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Determination of Insufficient Assets To Satisfy Claims Against Financial Institution in Receivership

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Federal Deposit Insurance Corporation (FDIC).




The FDIC has determined that insufficient assets exist in the receivership of AmTrust Bank, Cleveland, Ohio, to make any distribution to general unsecured claims, and therefore such claims will recover nothing and have no value.


The FDIC made its determination on April 30, 2011.

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If you have questions regarding this notice, you may contact an FDIC Claims Agent at (904) 256-3925. Written correspondence may also be mailed to FDIC as Receiver of AmTrust Bank, Attention: Claims Agent, 7777 Baymeadows Way West, Jacksonville, Florida 32256.

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On December 4, 2009, AmTrust Bank, Cleveland, Ohio, (FIN #10155) was closed by the Office of Thrift Supervision (“OTS”), and the Federal Deposit Insurance Corporation (“FDIC”) was appointed as its receiver (“Receiver”). In complying with its statutory duty to resolve the institution in the method that is least costly to the deposit insurance fund, see 12 U.S.C. 1823(c)(4), the FDIC facilitated a transaction with New York Community Bank, Westbury, New York, to acquire the deposits and most of the assets of the failed institution.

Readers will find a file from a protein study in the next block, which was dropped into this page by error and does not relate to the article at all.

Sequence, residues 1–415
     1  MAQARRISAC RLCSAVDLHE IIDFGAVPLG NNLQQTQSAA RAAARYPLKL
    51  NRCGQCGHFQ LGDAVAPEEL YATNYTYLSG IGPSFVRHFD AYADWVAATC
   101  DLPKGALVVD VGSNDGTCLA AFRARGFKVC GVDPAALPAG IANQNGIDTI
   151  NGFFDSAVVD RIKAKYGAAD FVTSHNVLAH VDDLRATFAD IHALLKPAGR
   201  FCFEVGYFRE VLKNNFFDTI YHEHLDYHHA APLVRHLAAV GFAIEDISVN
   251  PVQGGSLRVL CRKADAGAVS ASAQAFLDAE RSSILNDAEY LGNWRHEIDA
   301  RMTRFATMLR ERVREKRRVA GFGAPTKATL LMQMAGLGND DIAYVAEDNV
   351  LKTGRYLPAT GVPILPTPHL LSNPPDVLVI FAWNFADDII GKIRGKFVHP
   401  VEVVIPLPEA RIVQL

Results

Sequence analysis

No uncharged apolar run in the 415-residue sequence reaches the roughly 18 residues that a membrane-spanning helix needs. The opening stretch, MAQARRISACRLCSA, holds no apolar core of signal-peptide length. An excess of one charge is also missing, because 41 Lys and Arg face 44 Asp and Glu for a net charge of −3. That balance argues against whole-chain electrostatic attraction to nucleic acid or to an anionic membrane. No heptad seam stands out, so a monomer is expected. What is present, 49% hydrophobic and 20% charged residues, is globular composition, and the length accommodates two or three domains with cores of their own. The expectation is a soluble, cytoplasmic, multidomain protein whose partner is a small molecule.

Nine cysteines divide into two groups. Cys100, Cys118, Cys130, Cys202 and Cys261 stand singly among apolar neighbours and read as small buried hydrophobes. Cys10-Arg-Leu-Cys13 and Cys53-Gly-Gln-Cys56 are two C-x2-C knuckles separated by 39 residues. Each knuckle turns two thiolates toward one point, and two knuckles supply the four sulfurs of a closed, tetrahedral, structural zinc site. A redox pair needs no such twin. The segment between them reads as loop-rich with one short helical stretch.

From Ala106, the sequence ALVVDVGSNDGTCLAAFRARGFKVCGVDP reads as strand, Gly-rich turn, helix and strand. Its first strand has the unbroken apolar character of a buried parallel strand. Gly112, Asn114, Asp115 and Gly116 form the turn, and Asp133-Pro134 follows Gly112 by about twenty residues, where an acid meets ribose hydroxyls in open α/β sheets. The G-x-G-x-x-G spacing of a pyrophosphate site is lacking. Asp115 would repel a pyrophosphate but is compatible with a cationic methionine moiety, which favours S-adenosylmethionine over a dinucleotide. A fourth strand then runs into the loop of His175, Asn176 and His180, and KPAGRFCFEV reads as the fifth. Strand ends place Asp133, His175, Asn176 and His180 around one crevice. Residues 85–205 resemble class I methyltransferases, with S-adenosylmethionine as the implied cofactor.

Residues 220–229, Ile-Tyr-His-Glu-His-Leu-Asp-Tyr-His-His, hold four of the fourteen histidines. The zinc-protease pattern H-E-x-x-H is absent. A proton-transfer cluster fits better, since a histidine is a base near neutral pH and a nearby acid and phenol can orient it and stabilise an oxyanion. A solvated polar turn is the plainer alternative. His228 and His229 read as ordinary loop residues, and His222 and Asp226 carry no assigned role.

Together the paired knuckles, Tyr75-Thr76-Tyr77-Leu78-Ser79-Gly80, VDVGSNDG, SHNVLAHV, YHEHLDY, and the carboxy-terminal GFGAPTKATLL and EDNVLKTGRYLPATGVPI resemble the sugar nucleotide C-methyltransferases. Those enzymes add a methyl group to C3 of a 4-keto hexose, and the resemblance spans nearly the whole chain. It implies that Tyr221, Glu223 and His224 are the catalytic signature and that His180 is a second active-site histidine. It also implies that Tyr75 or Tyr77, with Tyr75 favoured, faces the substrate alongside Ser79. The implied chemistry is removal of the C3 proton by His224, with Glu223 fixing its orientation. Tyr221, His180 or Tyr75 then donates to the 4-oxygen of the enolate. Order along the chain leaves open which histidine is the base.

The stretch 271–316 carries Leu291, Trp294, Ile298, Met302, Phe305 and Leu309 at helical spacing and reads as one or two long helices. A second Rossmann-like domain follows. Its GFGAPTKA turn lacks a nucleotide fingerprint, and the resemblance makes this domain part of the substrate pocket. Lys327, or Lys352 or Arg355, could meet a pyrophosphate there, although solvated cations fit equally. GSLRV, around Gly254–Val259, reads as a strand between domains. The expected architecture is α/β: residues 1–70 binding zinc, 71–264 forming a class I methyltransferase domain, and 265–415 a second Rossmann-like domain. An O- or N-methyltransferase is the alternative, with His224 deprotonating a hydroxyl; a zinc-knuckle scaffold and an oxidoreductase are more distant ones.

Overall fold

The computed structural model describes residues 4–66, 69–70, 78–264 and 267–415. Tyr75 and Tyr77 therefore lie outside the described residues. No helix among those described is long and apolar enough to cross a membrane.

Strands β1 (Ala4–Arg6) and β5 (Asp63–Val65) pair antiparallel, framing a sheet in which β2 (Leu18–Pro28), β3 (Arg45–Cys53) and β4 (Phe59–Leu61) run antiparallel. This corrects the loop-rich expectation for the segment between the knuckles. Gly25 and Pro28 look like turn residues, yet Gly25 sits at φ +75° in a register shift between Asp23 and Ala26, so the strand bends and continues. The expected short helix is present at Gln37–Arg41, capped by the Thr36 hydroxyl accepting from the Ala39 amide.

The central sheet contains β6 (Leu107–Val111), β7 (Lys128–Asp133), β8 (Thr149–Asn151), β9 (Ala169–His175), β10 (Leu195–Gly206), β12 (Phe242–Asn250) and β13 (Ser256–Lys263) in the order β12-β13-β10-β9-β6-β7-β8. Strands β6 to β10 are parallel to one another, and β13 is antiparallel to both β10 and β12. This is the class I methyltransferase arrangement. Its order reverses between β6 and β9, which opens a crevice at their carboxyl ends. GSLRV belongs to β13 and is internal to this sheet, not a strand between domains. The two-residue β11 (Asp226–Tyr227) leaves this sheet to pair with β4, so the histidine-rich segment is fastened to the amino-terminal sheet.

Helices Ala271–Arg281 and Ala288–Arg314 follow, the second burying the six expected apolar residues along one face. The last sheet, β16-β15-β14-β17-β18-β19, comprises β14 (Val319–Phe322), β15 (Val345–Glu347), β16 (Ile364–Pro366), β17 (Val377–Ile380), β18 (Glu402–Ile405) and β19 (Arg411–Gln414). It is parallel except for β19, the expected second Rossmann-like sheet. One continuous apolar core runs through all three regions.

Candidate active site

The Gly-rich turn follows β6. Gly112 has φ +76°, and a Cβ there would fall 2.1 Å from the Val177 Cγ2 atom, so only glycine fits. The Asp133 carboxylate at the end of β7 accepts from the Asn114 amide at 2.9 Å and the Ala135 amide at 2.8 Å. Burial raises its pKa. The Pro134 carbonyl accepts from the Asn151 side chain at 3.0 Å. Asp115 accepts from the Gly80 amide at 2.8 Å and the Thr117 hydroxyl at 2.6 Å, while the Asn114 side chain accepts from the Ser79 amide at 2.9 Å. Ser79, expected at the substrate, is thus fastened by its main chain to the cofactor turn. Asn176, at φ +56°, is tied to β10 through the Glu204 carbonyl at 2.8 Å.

Section 11(d)(11)(A) of the Federal Deposit Insurance Act, 12 U.S.C. 1821(d)(11)(A), sets forth the order of priority for distribution of amounts realized from the liquidation or other resolution of an insured depository institution to pay claims. Under the statutory order of priority, administrative expenses and deposit liabilities must be paid in full before any distribution may be made to general unsecured creditors or any lower priority claims.

As of December 31, 2010, the value of assets available for distribution by the Receiver, together with anticipated recovery sources, including recoveries on claims against directors, officers, and other professionals, claims in bankruptcy, and refunds of Federal and state taxes, was $3,102,153,098. As of the same date, administrative expenses and depositor liabilities equaled $4,555,852,340, exceeding available assets by $1,453,699,242. Accordingly, the FDIC has determined that insufficient assets exist to make any distribution on general unsecured creditor claims (and any lower priority claims) and therefore all such claims, asserted or unasserted, will recover nothing and have no value.

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Dated: May 5, 2011.

Robert E. Feldman,

Executive Secretary.

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[FR Doc. 2011-11415 Filed 5-10-11; 8:45 am]